Your down payment

Your down payment is a critically important factor in determining mortgage affordability. The more you can put down, the less you’ll need to borrow. Your monthly mortgage payment will likely be smaller, and you’ll pay less in interest. 

Mortgage term

The term is the length of time your mortgage contract is valid. In Canada, mortgage terms can run anywhere from six months to as long as 10 years.

Chances are that your mortgage will have multiple terms during the amortization period until you pay it off in full. Once your mortgage term ends, you can pay your loan off in full, renew it or refinance it.

Amortization period

A mortgage’s amortization period is the time it will take to pay off the loan in full. In Canada, the most common amortization period is 25 years. If your down payment is less than 20%, you can’t have an amortization beyond 25 years.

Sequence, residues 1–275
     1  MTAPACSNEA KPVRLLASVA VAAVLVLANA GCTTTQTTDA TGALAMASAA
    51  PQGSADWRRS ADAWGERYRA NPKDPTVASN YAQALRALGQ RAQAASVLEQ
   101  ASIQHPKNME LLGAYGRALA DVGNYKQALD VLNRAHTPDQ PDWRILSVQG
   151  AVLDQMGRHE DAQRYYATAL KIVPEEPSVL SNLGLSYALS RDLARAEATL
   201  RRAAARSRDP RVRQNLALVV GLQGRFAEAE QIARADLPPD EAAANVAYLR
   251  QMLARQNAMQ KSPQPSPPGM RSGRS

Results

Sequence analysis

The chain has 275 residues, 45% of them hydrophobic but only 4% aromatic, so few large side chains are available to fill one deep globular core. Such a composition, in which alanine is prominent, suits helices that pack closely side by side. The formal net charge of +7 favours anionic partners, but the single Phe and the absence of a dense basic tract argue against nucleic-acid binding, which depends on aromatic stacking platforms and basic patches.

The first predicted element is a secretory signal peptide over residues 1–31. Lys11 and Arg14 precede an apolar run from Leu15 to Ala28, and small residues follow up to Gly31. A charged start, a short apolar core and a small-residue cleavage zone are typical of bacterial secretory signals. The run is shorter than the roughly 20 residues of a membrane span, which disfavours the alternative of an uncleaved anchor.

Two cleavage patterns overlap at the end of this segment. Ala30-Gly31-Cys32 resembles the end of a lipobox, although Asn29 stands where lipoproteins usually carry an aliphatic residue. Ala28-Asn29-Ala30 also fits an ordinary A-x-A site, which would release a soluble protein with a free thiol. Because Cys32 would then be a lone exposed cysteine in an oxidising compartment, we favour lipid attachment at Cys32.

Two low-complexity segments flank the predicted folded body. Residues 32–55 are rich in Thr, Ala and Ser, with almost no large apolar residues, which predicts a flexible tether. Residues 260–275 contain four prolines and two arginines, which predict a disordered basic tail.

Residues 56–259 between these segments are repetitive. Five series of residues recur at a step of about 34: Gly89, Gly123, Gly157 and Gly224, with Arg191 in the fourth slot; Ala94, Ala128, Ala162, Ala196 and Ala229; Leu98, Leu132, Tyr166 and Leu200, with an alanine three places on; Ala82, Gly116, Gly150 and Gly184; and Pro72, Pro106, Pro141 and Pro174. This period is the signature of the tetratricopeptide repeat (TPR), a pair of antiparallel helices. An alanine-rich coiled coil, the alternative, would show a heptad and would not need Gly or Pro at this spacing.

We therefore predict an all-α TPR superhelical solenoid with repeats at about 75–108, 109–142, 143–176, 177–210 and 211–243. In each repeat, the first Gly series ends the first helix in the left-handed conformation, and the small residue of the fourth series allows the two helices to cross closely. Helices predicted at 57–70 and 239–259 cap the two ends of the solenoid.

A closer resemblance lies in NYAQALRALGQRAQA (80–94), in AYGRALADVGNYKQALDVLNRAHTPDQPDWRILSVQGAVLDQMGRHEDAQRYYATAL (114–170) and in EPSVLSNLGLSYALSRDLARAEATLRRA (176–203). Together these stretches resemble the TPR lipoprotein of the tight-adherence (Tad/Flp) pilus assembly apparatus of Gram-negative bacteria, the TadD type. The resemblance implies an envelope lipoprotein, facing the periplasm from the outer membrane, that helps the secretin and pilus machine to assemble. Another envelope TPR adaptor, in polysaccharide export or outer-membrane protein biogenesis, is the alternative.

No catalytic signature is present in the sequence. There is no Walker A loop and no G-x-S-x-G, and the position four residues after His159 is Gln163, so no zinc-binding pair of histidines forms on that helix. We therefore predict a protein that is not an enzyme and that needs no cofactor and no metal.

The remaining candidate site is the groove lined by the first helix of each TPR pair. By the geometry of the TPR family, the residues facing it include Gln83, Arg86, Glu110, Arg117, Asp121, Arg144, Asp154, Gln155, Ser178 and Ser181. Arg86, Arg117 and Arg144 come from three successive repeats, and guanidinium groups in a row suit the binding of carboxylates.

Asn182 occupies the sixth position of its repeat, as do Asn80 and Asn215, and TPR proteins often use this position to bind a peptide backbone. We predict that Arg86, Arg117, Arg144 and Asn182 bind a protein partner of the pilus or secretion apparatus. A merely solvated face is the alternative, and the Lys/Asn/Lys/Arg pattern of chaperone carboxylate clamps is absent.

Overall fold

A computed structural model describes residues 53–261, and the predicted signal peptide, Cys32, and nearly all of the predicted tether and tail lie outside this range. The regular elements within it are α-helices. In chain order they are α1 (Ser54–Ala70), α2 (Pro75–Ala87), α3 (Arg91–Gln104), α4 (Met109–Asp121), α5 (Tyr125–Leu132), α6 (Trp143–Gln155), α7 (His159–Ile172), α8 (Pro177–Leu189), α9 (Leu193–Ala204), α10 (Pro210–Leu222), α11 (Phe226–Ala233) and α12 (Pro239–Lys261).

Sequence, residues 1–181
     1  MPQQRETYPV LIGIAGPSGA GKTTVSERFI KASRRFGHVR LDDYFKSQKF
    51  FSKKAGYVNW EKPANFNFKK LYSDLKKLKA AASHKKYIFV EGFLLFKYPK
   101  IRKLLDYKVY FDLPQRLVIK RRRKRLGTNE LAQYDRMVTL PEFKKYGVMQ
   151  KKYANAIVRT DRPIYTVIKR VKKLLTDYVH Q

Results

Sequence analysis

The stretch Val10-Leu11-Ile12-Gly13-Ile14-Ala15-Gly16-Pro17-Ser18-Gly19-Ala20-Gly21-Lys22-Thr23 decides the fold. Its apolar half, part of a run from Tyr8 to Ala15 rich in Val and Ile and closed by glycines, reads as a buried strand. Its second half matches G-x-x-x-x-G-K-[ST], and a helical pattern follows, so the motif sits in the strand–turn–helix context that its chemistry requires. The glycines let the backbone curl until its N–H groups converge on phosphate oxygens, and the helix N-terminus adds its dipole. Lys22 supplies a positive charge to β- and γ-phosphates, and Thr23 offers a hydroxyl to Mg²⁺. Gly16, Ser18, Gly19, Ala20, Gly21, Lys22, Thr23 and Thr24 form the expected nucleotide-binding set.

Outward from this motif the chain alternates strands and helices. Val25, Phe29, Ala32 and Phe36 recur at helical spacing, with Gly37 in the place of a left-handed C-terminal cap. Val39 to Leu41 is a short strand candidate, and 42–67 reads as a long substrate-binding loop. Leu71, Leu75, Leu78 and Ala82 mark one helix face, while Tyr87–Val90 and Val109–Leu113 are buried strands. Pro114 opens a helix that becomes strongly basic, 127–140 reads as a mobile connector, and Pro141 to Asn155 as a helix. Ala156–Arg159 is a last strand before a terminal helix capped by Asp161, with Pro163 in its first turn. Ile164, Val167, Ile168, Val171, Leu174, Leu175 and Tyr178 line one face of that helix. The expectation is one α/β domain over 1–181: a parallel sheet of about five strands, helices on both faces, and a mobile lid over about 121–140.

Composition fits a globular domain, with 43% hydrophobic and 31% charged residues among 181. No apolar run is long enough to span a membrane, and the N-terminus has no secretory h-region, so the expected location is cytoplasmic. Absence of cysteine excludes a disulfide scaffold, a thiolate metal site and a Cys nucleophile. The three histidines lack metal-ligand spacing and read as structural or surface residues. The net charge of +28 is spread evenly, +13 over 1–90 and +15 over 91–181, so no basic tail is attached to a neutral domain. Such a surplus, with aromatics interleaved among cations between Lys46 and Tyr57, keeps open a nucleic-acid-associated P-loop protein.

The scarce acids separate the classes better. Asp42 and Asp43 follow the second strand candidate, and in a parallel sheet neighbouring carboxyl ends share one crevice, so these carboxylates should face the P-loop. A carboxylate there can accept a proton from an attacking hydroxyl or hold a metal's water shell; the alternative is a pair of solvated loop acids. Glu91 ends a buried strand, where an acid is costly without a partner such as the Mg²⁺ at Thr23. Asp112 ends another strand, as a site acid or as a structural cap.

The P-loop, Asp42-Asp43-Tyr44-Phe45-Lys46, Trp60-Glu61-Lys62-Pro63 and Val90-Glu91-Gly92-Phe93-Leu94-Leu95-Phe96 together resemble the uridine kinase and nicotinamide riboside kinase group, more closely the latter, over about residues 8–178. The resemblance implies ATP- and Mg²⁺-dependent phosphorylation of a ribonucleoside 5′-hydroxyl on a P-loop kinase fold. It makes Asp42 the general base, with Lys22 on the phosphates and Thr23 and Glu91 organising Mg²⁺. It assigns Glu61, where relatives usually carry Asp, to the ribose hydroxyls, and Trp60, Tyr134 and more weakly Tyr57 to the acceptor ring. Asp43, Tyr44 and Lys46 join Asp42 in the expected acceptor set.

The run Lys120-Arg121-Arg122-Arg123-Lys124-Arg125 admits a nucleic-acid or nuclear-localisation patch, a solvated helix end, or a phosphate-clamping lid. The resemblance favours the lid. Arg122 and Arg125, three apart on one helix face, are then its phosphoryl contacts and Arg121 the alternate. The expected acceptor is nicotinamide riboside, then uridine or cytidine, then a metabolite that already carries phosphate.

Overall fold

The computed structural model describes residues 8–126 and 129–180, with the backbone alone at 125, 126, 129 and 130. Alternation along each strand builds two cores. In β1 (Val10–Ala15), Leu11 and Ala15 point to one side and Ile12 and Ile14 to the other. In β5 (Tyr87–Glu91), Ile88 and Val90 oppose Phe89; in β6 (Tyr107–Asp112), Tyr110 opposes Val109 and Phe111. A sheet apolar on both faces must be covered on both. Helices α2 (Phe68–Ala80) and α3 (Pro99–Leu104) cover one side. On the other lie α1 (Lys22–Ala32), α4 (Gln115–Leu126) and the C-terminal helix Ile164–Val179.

If your down payment is greater than 20%, you may find some lenders willing to offer amortization periods of up to 35 years.

Why would you want a longer amortization period? The longer your mortgage lasts, the smaller your monthly payment will be. You’ll pay more in interest, but that might be a worthwhile trade-off if it helps you keep your home.

How to compare mortgages from Saskatchewan lenders

Use APR for greater accuracy

The annual percentage rate (APR) includes fees and closing costs the lender may charge in addition to the interest rate. A lender offering the lowest rate may actually have a higher APR due to those additional costs. Comparing APRs is the easiest way to see the complete cost of each offer.

Compare similar mortgages